OSHA News Release: [02/11/2013]
Contact Name: Michael D’Aquino
Phone Number: (404) 562-2076
Release Number: 13-0149-ATL
US Labor Department’s OSHA cites Jacksonville, Fla.-based Bacardi Bottling following death of temporary worker on 1st day
JACKSONVILLE, Fla. The U.S. Department of Labor's Occupational Safety and Health Administration has cited Bacardi Bottling Corp. with 12 alleged safety violations following the death of a 21-year-old temporary worker his first day on the job. Lawrence Daquan "Day" Davis was crushed to death by a palletizer machine at the Jacksonville facility in August 2012. The company uses Remedy Intelligent Staffing as a temporary staffing service to provide laborers for certain types of jobs.
"A worker's first day at work shouldn't be his last day on earth," said Assistant Secretary of Labor for Occupational Safety and Health Dr. David Michaels. "Employers are responsible for ensuring the safe conditions of all their employees, including those who are temporary."
OSHA requires that employers protect the health and safety of all workers under their supervision and control.
Davis was cleaning glass from under the hoist of a palletizing machine when an employee restarted the palletizer. Bacardi Bottling had failed to train temporary employees on utilizing locks and tags to prevent the accidental start-up of machines and to ensure its own employees utilized procedures to lock or tag out machines.
Two willful citations have been issued for failing to develop, document and utilize lockout/tagout procedures for the control of potentially hazardous energy and train temporary workers on lockout/tagout procedures. A willful violation is one committed with intentional knowing or voluntary disregard for the law's requirements or with plain indifference to worker safety and health.
"We are seeing untrained workers many of them temporary workers killed very soon after starting a new job. This must stop," said Michaels. "Employers must train all employees, including temporary workers, on the hazards specific to that workplace before they start working. Had Bacardi done so, this tragic loss of life could have been prevented."
Also cited are nine serious violations for exposing workers to trips, struck-by and fire hazards where fixed permanent conveyors crossed through the aisle; obstructing exit routes; exposing workers to falling bottles and debris from overhead conveyors and electrical shock hazards. The employer also failed to provide an adequate number of lockout/tagout devices to perform lockout/tagout procedures of energy sources on various equipment, conduct an adequate periodic review of the energy control procedures, perform servicing and maintenance on machines and equipment without training in the methods and means for energy isolation, and require workers to wear safety goggles and long sleeves when using air guns at 90 pounds per square inch. A serious violation occurs when there is substantial probability that death or serious physical harm could result from a hazard about which the employer knew or should have known.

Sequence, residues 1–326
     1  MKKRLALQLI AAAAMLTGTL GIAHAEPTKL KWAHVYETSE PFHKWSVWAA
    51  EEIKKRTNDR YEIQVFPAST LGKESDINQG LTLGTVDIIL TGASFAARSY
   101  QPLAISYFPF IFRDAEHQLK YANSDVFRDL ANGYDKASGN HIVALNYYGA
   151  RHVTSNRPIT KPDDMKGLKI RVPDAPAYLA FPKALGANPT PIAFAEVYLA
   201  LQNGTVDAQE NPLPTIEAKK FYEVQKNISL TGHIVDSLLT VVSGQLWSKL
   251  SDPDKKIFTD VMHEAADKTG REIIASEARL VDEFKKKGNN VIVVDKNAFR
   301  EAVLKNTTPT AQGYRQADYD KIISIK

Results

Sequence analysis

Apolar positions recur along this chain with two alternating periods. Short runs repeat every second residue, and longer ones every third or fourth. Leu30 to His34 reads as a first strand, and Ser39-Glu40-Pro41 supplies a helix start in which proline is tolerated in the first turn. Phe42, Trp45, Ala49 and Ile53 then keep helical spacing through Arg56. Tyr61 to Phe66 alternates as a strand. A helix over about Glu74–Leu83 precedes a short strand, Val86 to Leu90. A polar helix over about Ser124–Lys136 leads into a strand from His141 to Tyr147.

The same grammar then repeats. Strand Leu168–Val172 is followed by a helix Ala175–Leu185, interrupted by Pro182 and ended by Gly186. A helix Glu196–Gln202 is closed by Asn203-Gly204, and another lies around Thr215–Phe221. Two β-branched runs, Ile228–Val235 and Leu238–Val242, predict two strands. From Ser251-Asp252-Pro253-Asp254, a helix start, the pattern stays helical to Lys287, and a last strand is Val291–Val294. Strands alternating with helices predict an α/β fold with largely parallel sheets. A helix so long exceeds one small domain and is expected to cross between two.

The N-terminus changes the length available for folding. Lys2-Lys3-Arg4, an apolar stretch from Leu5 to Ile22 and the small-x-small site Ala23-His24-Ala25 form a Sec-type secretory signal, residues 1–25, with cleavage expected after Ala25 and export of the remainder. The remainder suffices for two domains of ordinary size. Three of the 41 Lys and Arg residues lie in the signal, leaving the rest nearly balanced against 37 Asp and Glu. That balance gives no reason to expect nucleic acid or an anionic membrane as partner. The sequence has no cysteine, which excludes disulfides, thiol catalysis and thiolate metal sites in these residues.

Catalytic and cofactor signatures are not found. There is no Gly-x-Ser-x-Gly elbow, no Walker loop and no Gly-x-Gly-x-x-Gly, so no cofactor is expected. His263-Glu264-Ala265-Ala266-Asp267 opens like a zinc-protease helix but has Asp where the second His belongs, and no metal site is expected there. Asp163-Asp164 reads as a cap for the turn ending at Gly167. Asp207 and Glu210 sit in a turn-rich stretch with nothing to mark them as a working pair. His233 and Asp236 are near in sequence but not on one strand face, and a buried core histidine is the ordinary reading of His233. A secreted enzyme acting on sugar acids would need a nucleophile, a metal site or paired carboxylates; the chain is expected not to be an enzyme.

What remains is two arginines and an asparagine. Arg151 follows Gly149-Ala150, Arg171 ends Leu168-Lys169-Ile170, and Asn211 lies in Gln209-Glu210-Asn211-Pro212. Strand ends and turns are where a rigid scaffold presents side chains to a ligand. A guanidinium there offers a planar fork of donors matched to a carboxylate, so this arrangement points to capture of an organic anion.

One other-than-serious violation has been cited for storing a mixing tank within 12 inches of the electrical panel box. An other-than-serious violation is one that has a direct relationship to job safety and health, but probably would not cause death or serious physical harm.
Proposed penalties for the willful and serious violations total $192,000. The citations can be viewed at http://www.osha.gov/ooc/citations/BacardiBottlingCorp_584358_0208_13.pdf.
Bacardi Bottling has 15 business days from receipt of the citations and proposed penalties to comply, request a conference with OSHA's area director or contest the findings before the independent Occupational Safety and Health Review Commission.
To ask questions, obtain compliance assistance, file a complaint, or report workplace hospitalizations, fatalities or situations posing imminent danger to workers, the public should call OSHA's toll-free hotline at 800-321-OSHA (6742) or the agency's Jacksonville Area Office at 904-232-2895.
Under the Occupational Safety and Health Act of 1970, employers are responsible for providing safe and healthful workplaces for their employees. OSHA's role is to ensure these conditions for America's working men and women by setting and enforcing standards, and providing training, education and assistance. For more information, visit http://www.osha.gov.